When deputy Knesset Speaker Eitan Ginzburg announced that the state budget for 2021 had passed, Alternate Prime Minister Yair Lapid took a quick break from taking selfies and pounded on the table three times in joy and relief.
Lapid then released a statement in which he credited Finance Minister Avigdor Liberman, Prime Minister Naftali Bennett, the ministerial liaison to the Knesset Ze’ev Elkin, Coalition Chairwoman Idit Silman and her deputy from Lapid’s party, Boaz Toporovsky. In his speech the night before, Lapid even credited the opposition.
“Sometimes, even in this building, it is necessary to recognize that every time one side wins, it is not a sign that the other lost,” he wrote. “Sometimes we lose together, sometimes we win together. This budget is a mutual win.”
Spreading credit for a victory makes one a good team player in most sports. But not in Lapid’s favorite sport, which is boxing. In boxing, there is often one winner and one loser, and that is actually what happened in Thursday morning’s vote in the Knesset.
There was one unquestionable victor in the vote, and it is Lapid himself.
According to the coalition agreement, now that a budget has been passed, if elections are initiated for the remainder of the term, the caretaker prime minister will be Lapid. Had the budget not passed and February elections would have been initiated on November 14, the caretaker and incumbent prime minister would have been Bennett.
The passage of the budget brings Lapid a large step forward to his goal of becoming prime minister. The only way to stop him now is a rebellion in the current Knesset that would break the coalition agreement and result in another government being formed without going to elections before the rotation is set to take place on August 27, 2023.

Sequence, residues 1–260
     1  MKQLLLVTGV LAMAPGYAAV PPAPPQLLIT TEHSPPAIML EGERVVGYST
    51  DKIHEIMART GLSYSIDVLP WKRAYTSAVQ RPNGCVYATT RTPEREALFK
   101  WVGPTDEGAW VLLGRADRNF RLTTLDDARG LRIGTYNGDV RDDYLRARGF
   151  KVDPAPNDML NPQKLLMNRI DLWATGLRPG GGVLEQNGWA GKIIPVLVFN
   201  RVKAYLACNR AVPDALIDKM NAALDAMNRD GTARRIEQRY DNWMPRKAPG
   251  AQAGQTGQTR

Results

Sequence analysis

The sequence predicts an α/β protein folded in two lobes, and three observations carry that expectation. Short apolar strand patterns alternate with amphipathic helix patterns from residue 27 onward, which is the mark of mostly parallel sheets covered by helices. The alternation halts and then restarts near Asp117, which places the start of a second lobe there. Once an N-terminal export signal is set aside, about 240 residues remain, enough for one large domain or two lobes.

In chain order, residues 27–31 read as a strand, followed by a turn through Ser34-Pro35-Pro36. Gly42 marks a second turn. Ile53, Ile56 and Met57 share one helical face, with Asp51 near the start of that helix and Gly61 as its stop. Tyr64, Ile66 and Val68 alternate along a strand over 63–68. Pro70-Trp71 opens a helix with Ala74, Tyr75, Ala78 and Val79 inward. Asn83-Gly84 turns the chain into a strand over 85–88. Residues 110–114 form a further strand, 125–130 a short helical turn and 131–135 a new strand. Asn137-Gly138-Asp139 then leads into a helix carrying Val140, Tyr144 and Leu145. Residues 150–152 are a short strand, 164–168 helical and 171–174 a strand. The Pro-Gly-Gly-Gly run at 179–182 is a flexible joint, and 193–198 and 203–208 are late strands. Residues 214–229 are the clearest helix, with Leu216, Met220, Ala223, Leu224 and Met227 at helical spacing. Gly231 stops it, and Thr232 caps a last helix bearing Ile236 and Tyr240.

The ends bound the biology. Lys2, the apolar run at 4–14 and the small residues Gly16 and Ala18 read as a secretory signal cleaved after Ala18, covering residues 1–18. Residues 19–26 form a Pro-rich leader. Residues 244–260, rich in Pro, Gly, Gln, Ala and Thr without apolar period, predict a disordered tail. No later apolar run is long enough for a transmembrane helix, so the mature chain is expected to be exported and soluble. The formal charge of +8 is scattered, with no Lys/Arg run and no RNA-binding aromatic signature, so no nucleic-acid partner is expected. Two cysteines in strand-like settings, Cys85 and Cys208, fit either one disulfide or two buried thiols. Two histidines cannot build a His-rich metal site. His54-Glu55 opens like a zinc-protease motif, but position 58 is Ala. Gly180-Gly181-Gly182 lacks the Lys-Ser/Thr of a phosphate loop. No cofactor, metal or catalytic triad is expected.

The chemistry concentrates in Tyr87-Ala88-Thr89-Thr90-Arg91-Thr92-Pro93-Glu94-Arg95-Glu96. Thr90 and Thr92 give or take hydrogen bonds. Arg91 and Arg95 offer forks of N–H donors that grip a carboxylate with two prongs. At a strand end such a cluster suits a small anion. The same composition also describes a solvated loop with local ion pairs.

Every foreign leader who meets Lapid now knows they are meeting with not only the power broker who built the government and ousted Benjamin Netanyahu, but also with the heir apparent prime minister.
The budget’s victor is not Bennett, who already won when he became prime minister in June. It’s not Justice Minister Gideon Sa’ar, who tweeted that the passage of the budget gives Israel “New Hope” and wrote that it justified the formation of his party with that name.
And the winner is definitely not Defense Minister Benny Gantz, despite his attempt to take the mantle for himself hours before the voting began.
“I see the passage of the budget as a personal victory for me, a victory for Blue and White and for Israeli society as a whole against those who prevented the citizens of Israel from having a budget,” he told his faction in the Knesset.
The vote was obviously bittersweet for Gantz, who would have become prime minister in two weeks had Netanyahu not broken their deal and initiated an election that gave Lapid the alternate prime minister title that Lapid repeatedly mocked when Gantz held the same title.
Lapid and Gantz, who do not get along, sat next to each other for hours and hours during the marathon voting, barely speaking at all.
If there is only one loser though, it has to be Netanyahu, who now will have a harder time coming back to power.
Everyone will remember that he stopped the passage of the budget for what his critics said were his own personal reasons.
And when the rotation approaches and it becomes time for Likud to stop Lapid from becoming prime minister, the party could decide to depart from Netanyahu and throw someone else in the ring.